Boscov’s is seeking court approval of auction procedures for the selection of a liquidation firm to assist with store-closing sales. It is requesting an Aug. 12 auction. The company said it will liquidate about $34 million in merchandise at the sales to be commenced by Aug. 15.
The retailer has an agency agreement with Gordon Brothers Retail Partners LLC for about $35 million and is seeking a $50,000 termination fee if Gordon Brothers isn’t the winning bidder. Other bids must exceed Gordon’s bid by at least $75,000, according to court papers.
Boscov’s listed $538 million in assets and $479 million in debts as of May 3 in the court filing.
Regional department store chains are more vulnerable to tightening credit and cuts in allowances from suppliers than national chains, said Burt P. Flickinger III, managing director of Strategic Resource Group.
Flickinger called Boscov’s a “solidly run” retailer that has suffered from a concentration of stores in economically struggling communities.
‘Threw Away Customers’
Department stores “basically threw away their main customers” as they cut back on service over the years, said Britt Beemer, chairman of America’s Research Group in Charleston, South Carolina. For regional chains, “their history in the communities is their biggest advantage,” Beemer said.
James Schaye, chief executive officer of Hudson Capital Partners, a retail liquidation firm, agreed. “Sometimes the larger department stores lose touch with their consumer.”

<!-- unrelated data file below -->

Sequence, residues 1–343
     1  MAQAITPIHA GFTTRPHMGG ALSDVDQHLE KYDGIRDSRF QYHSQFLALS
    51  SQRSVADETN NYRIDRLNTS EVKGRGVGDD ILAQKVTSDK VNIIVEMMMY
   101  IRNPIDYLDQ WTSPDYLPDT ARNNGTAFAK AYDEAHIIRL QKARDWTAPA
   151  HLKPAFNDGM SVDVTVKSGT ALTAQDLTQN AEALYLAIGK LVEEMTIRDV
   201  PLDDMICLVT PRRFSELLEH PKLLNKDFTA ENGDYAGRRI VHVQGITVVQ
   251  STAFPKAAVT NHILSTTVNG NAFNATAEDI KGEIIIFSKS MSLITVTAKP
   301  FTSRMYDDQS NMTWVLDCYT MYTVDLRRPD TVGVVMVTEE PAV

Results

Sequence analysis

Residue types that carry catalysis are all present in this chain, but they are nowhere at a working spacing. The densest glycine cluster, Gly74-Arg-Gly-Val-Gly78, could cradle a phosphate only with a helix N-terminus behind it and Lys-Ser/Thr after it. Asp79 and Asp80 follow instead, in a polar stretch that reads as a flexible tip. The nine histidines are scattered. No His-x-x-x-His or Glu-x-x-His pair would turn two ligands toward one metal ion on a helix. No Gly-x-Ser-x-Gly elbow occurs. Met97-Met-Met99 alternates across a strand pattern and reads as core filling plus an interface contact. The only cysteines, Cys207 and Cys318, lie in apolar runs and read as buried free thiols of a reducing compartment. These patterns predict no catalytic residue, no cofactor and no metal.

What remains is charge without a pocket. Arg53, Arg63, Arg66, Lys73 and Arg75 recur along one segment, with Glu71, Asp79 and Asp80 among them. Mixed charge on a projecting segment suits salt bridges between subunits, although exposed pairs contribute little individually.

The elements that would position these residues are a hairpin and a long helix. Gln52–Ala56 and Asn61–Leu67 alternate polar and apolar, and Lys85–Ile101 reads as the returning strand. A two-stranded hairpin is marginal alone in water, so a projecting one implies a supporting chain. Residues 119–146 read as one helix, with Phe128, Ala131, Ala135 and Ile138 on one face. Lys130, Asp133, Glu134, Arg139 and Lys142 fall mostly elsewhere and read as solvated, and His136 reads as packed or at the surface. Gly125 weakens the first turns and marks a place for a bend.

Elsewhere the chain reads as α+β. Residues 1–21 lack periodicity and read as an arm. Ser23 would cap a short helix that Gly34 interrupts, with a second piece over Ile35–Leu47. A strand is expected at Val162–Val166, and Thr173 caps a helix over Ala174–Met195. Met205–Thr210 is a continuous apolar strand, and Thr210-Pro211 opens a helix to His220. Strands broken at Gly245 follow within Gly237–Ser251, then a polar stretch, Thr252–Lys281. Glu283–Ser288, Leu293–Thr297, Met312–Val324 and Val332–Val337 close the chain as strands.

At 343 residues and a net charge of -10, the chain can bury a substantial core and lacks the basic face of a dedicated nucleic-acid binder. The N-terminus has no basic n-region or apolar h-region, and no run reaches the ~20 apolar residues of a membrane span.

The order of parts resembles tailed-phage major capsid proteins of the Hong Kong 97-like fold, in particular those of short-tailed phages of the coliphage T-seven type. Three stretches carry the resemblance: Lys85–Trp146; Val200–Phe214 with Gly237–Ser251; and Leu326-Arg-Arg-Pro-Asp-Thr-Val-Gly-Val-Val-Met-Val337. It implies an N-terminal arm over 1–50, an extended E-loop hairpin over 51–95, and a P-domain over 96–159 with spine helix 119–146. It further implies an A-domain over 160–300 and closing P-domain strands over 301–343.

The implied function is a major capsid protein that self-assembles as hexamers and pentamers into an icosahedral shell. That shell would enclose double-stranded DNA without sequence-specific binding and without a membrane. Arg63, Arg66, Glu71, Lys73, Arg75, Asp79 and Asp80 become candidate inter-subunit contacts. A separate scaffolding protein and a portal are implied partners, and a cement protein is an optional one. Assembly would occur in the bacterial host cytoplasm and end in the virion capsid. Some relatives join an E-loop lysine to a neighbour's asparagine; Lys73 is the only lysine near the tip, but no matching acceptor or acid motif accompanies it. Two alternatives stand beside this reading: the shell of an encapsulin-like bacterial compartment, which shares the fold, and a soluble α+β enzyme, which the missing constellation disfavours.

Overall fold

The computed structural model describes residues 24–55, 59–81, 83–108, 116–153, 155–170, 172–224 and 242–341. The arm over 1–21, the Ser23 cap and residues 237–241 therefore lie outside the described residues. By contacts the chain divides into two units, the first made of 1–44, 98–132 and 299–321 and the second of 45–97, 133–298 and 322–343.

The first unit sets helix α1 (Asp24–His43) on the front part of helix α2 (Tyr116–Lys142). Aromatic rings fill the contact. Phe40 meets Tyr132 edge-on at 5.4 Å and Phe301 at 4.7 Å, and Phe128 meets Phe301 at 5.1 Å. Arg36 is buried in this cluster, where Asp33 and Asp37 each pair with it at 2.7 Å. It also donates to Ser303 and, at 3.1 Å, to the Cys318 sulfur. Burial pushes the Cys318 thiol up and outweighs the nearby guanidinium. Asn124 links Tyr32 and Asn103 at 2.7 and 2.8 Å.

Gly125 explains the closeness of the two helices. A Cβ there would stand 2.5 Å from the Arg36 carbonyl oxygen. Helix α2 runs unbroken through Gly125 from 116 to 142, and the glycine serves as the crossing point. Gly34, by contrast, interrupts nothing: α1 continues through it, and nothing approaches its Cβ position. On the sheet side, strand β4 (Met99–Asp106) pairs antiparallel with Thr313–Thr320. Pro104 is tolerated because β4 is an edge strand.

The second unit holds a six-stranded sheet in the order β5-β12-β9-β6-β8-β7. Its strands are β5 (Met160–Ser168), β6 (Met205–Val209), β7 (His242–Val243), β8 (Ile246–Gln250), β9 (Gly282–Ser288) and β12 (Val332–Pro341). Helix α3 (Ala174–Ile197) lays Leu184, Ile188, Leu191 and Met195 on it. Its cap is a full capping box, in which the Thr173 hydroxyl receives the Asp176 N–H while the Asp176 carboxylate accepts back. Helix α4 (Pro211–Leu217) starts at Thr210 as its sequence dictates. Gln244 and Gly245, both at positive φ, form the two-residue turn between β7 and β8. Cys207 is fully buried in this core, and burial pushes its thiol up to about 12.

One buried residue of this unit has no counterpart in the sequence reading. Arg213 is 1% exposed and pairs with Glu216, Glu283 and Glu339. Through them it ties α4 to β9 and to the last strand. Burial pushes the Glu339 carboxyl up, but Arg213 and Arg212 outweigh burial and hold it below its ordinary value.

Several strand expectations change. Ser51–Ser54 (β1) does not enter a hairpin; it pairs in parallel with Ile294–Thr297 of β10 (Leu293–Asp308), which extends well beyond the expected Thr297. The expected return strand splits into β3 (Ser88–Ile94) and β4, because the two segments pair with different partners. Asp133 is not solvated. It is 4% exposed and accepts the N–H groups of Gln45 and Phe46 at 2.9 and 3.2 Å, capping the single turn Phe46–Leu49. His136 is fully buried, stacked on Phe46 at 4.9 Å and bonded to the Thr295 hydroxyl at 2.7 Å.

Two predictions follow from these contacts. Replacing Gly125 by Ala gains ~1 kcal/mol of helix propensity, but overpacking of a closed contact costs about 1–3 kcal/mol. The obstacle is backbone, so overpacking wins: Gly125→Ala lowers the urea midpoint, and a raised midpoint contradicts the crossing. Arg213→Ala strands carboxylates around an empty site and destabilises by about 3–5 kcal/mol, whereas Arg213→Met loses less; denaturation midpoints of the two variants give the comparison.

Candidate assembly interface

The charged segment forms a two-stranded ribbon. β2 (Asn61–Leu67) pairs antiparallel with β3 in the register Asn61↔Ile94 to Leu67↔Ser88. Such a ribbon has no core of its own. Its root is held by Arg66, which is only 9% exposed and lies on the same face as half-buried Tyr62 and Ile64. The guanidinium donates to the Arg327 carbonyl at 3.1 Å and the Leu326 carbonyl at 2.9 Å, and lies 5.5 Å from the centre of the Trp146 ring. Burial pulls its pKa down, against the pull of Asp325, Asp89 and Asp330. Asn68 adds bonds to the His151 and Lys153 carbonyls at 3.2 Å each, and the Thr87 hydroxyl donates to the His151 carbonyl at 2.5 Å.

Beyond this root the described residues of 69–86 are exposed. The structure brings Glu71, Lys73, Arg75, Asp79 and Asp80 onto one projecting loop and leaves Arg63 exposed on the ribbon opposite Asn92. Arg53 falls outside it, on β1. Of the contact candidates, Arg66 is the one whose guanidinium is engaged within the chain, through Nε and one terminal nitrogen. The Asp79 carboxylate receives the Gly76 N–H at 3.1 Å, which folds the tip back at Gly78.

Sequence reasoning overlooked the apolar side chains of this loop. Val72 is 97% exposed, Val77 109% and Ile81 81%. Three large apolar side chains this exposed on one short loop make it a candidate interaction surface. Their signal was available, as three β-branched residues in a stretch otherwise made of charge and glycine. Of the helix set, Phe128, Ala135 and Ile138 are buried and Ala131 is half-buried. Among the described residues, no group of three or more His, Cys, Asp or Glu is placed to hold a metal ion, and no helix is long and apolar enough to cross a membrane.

Schaye called Belk Inc., a Charlotte, North Carolina-based merchant with more than 300 stores, an example of a “very well- run” family department-store chain.
Boscov’s and Belk’s are “in excellent locations, but they’re still in malls,” Beemer said, where customers have cut back on purchases.
Boscov’s will close five stores in Pennsylvania, at Monroeville Mall in Monroeville, Montgomery Mall in North Wales, Oxford Valley Mall in Langhorne, South Hills Village Mall near Pittsburgh and Harrisburg East Mall in Harrisburg.
It will close three Maryland stores, at Marley Station Mall in Glen Burnie, Owings Mills Mall in Owing Mills, and White Marsh Mall in Baltimore.
The stores at Monmouth Mall in Eatontown, New Jersey, and Piedmont Mall in Danville, Virginia, are also closing.
Boscov’s history dates to 1911, when founder Solomon Boscov moved to Reading and sold goods to surrounding towns by horse and wagon.
The company filed for bankruptcy protection with seven affiliates after failing to refinance its debt, it said. Boscov’s said it had sales of $1.25 billion last year. Boscov’s Web site lists “refurbishing plans for several existing stores as well as more opportunities for new Boscov’s Stores on the drawing board.”
Boscov’s $250 million loan will consist of a $225 million senior revolving credit facility to be funded with as much as a $25 million “last out revolver advance.”
The 40 largest creditors without collateral backing their claims are owed a total of $32.6 million, court papers show. The three largest unsecured claimholders are Jones Apparel Group Inc., owed $3.1 million; Kellwood, owed $2.6 million; and VF1, owed $1.3 million.
The case is In Re Boscov’s Inc., 08-11637, U.S. Bankruptcy Court, District of Delaware (Wilmington).
To contact the reporters on this story: Dawn McCarty in Wilmington, Delaware, at email@example.com; Lauren Coleman-Lochner in New York at firstname.lastname@example.org.
Last Updated: August 4, 2008 13:35 EDT